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Tid Bits of Info

  • The human head weighs between 10-15 lbs.
  • Rounded shoulder posture leads to neck and shoulder dysfunction.
  • The acromion (part of the shoulder blade above the humeral head) is separated by only 9-11 mm in the healthy shoulder.
  • Many neck muscles attach to the skull, cervical spine and thoracic spine to the level of the bra strap.
  • If you have neck or shoulder pain, seek treatment from a Physical Therapist.

Bad posture habits can lead to various problems including neck and/or shoulder pain. In today’s society, almost everyone is “attached” to their phones, computers or notebooks.  Everyday people all across our society, repeat bad posture habits by looking downward at a screen of some kind to search the internet, view applications and web pages, respond to emails or send texts.  This posture can lead to a host of problems that can negatively affect the neck or shoulders.

The neck muscles are capable of controlling the head in the forward flexed position but some of the middle and upper back musculature might not be conditioned well enough to provide the necessary support. Likewise, these same muscles might not control the scapula (shoulder blade) when the arm is moving and numerous painful shoulder conditions can occur secondary to the lack of control.

The cervical spine has musculature that originates in the thoracic spine which is the area where the ribs are and the scapulae are attached.   Many conditions can lead to dysfunction in the thoracic spine and cause the musculature to “work over-time,” which leads to muscle fatigue, cramping, and pain.  If the thoracic spine, does not move correctly due to restrictions in motion in the joints of the spine, the restricted movement leads to a need for more muscle energy and force to move the joint.  This can lead to abnormal muscle contraction in the mid back and neck region.  The abnormal muscle demand can cause pain to occur due to muscle fatigue, cramping and the development of trigger points or “knots” in the muscles.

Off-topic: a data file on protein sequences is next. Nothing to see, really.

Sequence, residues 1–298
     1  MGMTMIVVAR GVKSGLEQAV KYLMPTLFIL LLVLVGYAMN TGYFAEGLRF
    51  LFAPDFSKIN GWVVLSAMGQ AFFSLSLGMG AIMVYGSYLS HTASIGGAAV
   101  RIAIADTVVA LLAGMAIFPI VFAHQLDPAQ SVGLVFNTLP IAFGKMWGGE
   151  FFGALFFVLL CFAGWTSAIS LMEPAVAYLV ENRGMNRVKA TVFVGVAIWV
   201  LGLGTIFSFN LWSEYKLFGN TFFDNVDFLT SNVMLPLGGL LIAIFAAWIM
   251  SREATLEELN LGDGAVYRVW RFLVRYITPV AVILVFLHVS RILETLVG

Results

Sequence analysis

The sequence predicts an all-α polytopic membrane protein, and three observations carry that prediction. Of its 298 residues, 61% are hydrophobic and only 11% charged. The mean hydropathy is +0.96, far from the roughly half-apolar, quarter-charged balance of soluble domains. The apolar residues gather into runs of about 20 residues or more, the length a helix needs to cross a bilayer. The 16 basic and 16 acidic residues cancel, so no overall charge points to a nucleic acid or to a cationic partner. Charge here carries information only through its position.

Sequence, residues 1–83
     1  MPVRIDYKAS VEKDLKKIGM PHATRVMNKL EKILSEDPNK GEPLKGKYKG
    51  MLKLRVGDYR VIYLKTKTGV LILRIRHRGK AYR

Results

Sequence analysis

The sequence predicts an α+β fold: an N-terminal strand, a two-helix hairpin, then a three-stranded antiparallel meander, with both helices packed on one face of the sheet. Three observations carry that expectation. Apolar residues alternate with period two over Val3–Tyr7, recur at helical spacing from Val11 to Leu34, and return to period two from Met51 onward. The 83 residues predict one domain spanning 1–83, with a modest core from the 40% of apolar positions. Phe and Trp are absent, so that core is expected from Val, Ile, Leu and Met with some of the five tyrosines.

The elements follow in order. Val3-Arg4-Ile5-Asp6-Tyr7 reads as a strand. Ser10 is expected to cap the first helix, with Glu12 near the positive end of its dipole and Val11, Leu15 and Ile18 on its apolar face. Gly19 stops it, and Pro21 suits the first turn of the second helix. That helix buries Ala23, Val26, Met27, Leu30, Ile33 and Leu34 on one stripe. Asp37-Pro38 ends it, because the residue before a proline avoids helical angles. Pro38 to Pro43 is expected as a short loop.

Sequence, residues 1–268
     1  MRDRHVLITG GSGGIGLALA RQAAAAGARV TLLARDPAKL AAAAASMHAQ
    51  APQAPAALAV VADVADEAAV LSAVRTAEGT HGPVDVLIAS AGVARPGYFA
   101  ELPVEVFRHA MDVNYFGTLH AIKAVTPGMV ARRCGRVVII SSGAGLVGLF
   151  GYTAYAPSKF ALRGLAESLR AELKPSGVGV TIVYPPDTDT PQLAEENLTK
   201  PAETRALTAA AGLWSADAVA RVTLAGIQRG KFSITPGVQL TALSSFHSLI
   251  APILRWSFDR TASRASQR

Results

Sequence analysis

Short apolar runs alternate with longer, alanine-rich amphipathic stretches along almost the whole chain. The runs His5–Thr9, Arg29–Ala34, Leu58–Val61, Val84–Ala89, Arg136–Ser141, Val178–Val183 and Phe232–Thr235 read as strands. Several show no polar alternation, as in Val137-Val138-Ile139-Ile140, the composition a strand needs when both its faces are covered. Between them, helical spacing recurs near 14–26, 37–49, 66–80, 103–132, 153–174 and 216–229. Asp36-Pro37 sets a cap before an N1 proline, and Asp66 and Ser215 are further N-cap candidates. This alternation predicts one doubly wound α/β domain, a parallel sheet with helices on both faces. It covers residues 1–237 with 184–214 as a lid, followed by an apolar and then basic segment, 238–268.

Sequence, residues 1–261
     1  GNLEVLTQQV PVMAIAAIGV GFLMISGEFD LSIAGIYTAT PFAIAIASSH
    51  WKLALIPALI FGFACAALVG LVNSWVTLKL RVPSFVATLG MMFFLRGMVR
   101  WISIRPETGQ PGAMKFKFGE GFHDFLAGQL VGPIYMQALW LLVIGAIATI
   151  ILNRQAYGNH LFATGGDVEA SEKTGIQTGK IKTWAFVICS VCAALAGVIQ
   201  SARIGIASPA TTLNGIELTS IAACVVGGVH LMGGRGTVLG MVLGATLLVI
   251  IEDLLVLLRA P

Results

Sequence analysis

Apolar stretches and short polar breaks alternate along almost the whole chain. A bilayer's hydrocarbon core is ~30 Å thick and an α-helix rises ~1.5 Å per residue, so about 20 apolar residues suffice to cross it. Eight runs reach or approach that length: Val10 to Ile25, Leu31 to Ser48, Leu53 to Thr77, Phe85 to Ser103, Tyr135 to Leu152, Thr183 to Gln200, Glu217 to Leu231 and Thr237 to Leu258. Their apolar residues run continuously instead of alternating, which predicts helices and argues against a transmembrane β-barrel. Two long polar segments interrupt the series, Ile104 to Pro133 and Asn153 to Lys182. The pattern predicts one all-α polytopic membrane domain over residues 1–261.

The shoulder joint consists of the clavicle (collarbone), scapula (shoulder blade) and humerus (arm bone) and all three have to move together to enable someone to use their shoulder joint and not develop pain.  The shoulder blade or scapula plays an extremely important role in the synchrony of motion within the joint. If the scapula is not stable during arm motions, there is a strong possibility that there will be dysfunction in the joint and this usually leads to a painful shoulder or worse. The humeral head is round and articulates on a saucer-shaped glenoid fossa which is a part of the scapula and located in the “armpit” area.  As the arm moves the round ball must remain on the fossa and the scapula must remain stable but move in synchrony with the humeral head.  The stability of the scapula is determined by the strength and condition of the mid and upper back musculature.  These muscles help to control the scapula’s motion and make it a stable anchoring location for the rotator cuff muscles and keep the fossa and humeral head aligned.

Physical Therapists are trained to evaluate the status of the thoracic spine and make sure it is moving properly.  If there is dysfunction in this area for any reason, the Physical Therapist will develop a treatment plan that will restore the normal motion and reduce the probability of developing a painful neck or shoulder.   You do not have to see a doctor prior to seeing a Physical Therapist because you are not required to have doctor’s prescription for Physical Therapy services. Check with your insurance company because your policy might require you to secure a referral form your general practitioner for Physical Therapy services.

Neck and shoulder pain can have many origins. Healthcare professionals must identify that origin correctly, or they will treat a symptom and not fix the true “problem.” The thoracic spine has to move properly and the muscle structure in the thoracic spine must be strong and conditioned well enough to support the spine and control the scapula or a dysfunction can occur in the shoulder joints or neck leading to a host of problems.

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